Rookie Filip Salač (Gresini Racing Moto2) highsided out of contention at Turn 5 on Lap 3, and Barry Baltus (RW Racing GP) crashed out late on.
That’s all she wrote in Doha, and it was utter domination for Vietti as he takes home a magnificent 25 points from the opening round. What will Mandalika bring? We’ll find out in just under two weeks as the intermediate class get set for Indonesia.
Celestino Vietti: “I can’t believe it now! We worked well yesterday, we did good work from FP3 to QP but I didn’t expect this, to stay all the race in front. We knew we were starting from first position so if we were first at the first corner, we had to push as much as possible. We did this, I’m happy for the team, a very good job from the winter test to now. Thank to all the people who believed in me, to all the sponsors and all the team that makes us work like this.”
The Moto3 race finish with Andrea Migno (16) beating Sergio Garcia (11) to the checkered flag. Photo courtesy Dorna.
Migno brings the magic to deny Garcia by 0.037
The first Moto3 showdown of the season gets decided by hundredths as 2022 starts as it means to go on
Andrea Migno (Rivacold Snipers Team) is back on top! The veteran Italian is a Grand Prix winner for the first time since 2017 after taking victory in the Grand Prix of Qatar, just staying ahead of a late attack from Sergio Garcia (Gaviota GASGAS Aspar Team). The two were split by just 0.037 over the line, with Kaito Toba (CIP Green Power) completing the podium.
Ayumu Sasaki (Sterilgarda Husqvarna Max) took the holeshot from pole, the Japanese rider promoted to the front of the grid as fastest qualifier Izan Guevara (Gaviota GASGAS Aspar Team), Dennis Foggia and Leopard Racing teammate Tatsuki Suzuki were all sent to the back of the grid for being slow on the line exiting pitlane in qualifying. Each also had a Long Lap to take, and Foggia two as the Italian was also found to have made abrupt changes of direction on the main straight.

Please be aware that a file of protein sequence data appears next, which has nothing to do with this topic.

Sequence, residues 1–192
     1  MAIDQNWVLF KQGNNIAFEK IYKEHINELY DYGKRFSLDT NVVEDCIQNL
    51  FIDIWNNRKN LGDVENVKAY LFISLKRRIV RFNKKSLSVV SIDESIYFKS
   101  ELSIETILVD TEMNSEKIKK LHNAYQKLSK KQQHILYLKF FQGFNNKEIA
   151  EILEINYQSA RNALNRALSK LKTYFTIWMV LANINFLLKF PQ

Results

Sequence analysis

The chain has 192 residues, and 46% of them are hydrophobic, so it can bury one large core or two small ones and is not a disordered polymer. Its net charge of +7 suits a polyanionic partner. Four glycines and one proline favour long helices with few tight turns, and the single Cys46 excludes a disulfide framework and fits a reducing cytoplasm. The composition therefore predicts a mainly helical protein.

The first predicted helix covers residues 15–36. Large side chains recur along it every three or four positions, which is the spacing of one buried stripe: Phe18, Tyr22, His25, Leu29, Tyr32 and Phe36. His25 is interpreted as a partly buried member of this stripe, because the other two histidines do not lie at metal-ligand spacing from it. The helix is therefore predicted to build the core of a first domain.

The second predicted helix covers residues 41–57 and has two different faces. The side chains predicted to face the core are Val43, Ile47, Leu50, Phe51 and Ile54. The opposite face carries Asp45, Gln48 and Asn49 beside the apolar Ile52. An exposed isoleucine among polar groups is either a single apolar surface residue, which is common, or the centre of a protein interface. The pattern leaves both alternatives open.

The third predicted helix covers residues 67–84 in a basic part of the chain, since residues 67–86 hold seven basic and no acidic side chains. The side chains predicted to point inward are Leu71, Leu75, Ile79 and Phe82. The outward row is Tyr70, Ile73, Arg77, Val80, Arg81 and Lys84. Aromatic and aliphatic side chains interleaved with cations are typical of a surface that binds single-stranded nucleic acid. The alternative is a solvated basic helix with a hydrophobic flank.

The classic freight train formed as Foggia, Guevara and Suzuki tried to slice back through, with Sasaki at the front of the field holding station and with quite a gap. The three on the fight back made some good progress and then took the Long Lap, but drama struck for Suzuki not long after as Lorenzo Fellon (SIC58 Squadra Corse) made contact with the Japanese rider. That was after contact between Garcia and Carlos Tatay (CFMoto Racing PrüstelGP) that saw the former get given a Long Lap penalty and the latter forced to retire. The next? A tangle between Toba and Jaume Masia (Red Bull KTM Ajo), with the latter crashing out but no further action taken.
At the front, Sasaki pounded on. But heartbreak then struck as the number 71 suffered a huge moment and lost much of his three-second gap. He was then swallowed by the pack, and soon enough forced to pull into pitlane with an issue.
That left a group fight for the win heading the field, with Migno, Garcia, Toba and Deniz Öncü (Red Bull KTM Tech3) key players at the front. The Snipers machine was a rocket in a straight line, so it looked like attack would be the plan for Garcia, and attack the Spaniard always does…